Huet, Paul (1803-1869)

Influenced by the English landscapists; befriended with Bonington (R60,p66). First started painting in Fontainebleau in the mid-1820s (R59, p.8). Often painted with Corot, especially in Honfleur and Fontainebleau (R60,p66). Worked often with Delacroix. Salon 1848: gold medal; Exposition Universel 1855: medal.
Huet was a pre-impressionist: painted en-plein-air since 1815, especially landscapes full of movement and harassment (R60,p66); his brushstroke sometimes is quite lively, seemore info; pictures; more pictures;

Huet, 1830, Chaumière normande, vieux Trouville, 23×38, Louvre (iR2)

Huet, 1835ca, The Harvest, 64×80, private (iR2)

Huet, 1853, Breakers at Granville Point, 68×103, Louvre (iR2)
Jacque, Charles-Emile (1813-94)

Neighbour of Millet in Barbizon since 1847. Painted many animals, especially flocks of sheep.
Pre-impressionist: used bright colours in several pictures, see; still the browns, greys and dark greens dominate; his brushstroke is mostly smooth, rendering detail. More info; pictures;

Jacque, 18xx, Ploughing (Labourage), 86×165, Christies (iR15)

Jacque, 1859, Springtime (Le Printemps), 107×77, private (iR2)
Millet, Jean-Francois (1814-1875)

1846: acquaintance with other Barbizon-Painters. 1849: moved to Barbizon , neighbour of Jacque (R3,p27; R59, p.144); became close friends with Rousseau. Millet was a pre-impressionist: more than once rendered the time of day, season and weather conditions; in most of his paintings the browns and greys are dominant. He was an informal teacher of Rouart (R45,p9), who also owned a large collection of his works (see).  More info; pictures;

Millet, 1857-59, Angelus, 56×66, Louvre (iR2; iR3)

Millet, 1862-4, Bergère avec son troupeau, 81×101, Louvre (iR2)

Millet, 1861ca, Potato Planters, 83×101, MFA Boston (iR2)
Rousseau, Theodore (1812-1867)
  • Leader of the Barbizon-school (R59, p.102). 1827: first visited Fontainebleau; 1836 started to live in Barbizon (R59, p8). Befriended with Millet, Dupré and Diaz.
  • Painted merely (deserted) landscapes.
  • Salon 1834: third-class medal; refused in 1836, 37, 38; stopt submitting; supported by his friends who also stopped submitting; 1847 attempt to establish an independent Salon; 1849 accepted again (R59, p.103-112).
  • 1867: supported Bazille’s request for an independent exposition; 1867: president of the jury of the Paris Salon (R59, p.183).
  • Rousseau was a pre-impressionist: he rendered the time of day and the influence of season and weather; his palet is quite dark with many browns, dark greens and greys; his brushstroke ( in smaller pictures) sometimes is quite expressive.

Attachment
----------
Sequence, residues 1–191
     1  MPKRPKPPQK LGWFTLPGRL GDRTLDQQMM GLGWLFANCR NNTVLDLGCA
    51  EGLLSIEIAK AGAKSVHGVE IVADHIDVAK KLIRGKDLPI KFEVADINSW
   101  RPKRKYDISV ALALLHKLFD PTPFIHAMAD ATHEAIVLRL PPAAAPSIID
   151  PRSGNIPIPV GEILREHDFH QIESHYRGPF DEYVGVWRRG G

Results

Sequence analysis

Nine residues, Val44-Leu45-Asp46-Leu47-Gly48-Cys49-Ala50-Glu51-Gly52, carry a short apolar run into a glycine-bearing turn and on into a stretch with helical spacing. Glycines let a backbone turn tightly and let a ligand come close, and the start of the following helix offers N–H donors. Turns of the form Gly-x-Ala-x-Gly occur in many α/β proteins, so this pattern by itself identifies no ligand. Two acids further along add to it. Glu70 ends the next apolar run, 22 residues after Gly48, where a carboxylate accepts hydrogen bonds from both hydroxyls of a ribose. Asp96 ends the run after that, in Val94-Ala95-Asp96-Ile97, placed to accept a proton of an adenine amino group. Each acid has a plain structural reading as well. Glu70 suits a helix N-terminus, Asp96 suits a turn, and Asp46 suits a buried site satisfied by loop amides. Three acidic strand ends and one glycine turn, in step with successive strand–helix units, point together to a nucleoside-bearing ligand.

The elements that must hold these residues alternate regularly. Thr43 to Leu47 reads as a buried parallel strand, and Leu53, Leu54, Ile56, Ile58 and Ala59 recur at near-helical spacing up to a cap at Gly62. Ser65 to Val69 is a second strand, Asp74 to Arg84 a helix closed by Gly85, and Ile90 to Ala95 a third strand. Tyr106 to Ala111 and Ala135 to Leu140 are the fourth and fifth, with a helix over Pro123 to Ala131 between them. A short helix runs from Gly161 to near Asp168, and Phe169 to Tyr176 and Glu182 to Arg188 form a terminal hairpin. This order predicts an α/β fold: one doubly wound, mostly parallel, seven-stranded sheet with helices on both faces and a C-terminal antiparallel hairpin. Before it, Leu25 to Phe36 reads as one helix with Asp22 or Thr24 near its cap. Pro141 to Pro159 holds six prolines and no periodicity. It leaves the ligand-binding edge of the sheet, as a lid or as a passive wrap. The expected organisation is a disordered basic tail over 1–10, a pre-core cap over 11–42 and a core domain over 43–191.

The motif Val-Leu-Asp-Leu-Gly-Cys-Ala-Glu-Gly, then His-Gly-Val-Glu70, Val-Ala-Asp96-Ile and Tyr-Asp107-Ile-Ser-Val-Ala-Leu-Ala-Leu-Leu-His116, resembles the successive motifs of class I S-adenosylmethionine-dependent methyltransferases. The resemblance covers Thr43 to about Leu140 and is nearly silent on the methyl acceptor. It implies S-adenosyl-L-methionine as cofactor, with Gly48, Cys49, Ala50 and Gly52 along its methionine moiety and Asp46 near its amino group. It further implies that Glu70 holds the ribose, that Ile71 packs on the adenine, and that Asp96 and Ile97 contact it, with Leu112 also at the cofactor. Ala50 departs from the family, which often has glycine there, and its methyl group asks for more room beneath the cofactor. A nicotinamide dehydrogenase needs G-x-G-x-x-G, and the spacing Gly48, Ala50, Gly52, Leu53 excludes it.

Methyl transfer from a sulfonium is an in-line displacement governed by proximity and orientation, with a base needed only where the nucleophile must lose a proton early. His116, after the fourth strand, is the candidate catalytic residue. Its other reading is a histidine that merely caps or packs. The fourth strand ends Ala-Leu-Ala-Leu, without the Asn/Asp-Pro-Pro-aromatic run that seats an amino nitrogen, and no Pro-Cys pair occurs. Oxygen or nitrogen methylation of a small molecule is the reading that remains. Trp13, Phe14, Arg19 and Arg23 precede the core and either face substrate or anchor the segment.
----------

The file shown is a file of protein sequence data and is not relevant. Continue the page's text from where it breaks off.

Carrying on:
• More info; pictures.

Rousseau, 1830-39ca, Market Place in Normandy, 30×38, Hermitage (iR2)

Rousseau, 1840, A Tree in Fontainebleau Forest, 40×54, VAM-London (iR2)

Rousseau, 1851, The Forest of Fontainbleau, Morning, 98×134, Wallace coll (iR2)
Troyon, Constant (1810-1865)
  • Influenced by Dutch landscapist Paulus Potter; merely a landscapist, after 1850 dominant with animals, and already in 1837 on a large canvas; made small series of a same theme.
  • 1849: Legion d’Honneur; 1855: member of the admissions jury for the Exposition Universelle; sold his paintings for 5.000 francs (R59, p.162).
  • Troyon was a pre-impressionist: his colours often were quite bright; he often rendered the time of day, see.
  • More info; pictures.

Troyon, 1849, The Approaching Storm, 116×158, NGA Washington (iR2)

Troyon, 1852ca, Cows in the Field, 93×75, Hermitage (iR2)

Troyon, 1859, On the Way to the Market, 261×211, Hermitage (iR2)

 

Other Pre-Impressionists:

Important other Pre-Impressionists were Courbet, Daumier and Jongkind.

Courbet, Gustave (1819-1877)
  • Realist; pre-impressionist;
  • 1855 solo-exhibition in his own ‘Pavillon du Réalisme’ (R59,p142);
  • Painted with Monet, Boudin and Jongkind;
  • 1866/05/03: sells works for 150.000 franc (R5,p39)
  • 1867/04/08: opens his own ‘Pavillon du Réalisme’ near the ‘Exposition International Universelle’ (R5,p43)
  • 1867 + 1869 he supports initiatives for an (independent) exhibition apart from the Salon (see)
  • 1871/03/28: in the Paris Commune responsible for the Fine Arts; abolishes the Ecole des Beaux-Arts en the awards of the Paris Salon (R5,p69)
    1871/05/16: leading role in the abolition of the column of Napoleon on the Place Vendôme (R5,p70)
  • 1873, June: released from imprisonment; shortly afterwards goes in exile in the Swiss (R5,p79)
Daumier, Honoré (1808-1879)

 

Jongkind, Johan Barthold (1819-91)
  • Born in Holland; 1846 moved to Paris;
  • pré-impressionist; In 1868 Zola wrote: ‘His work seems like rough sketches put down in haste for fear of losing the first impression.’ (R59, p186)
  • 1872+1873: is related to initiatives for an (independant0 exhibition apart from the Salon (see).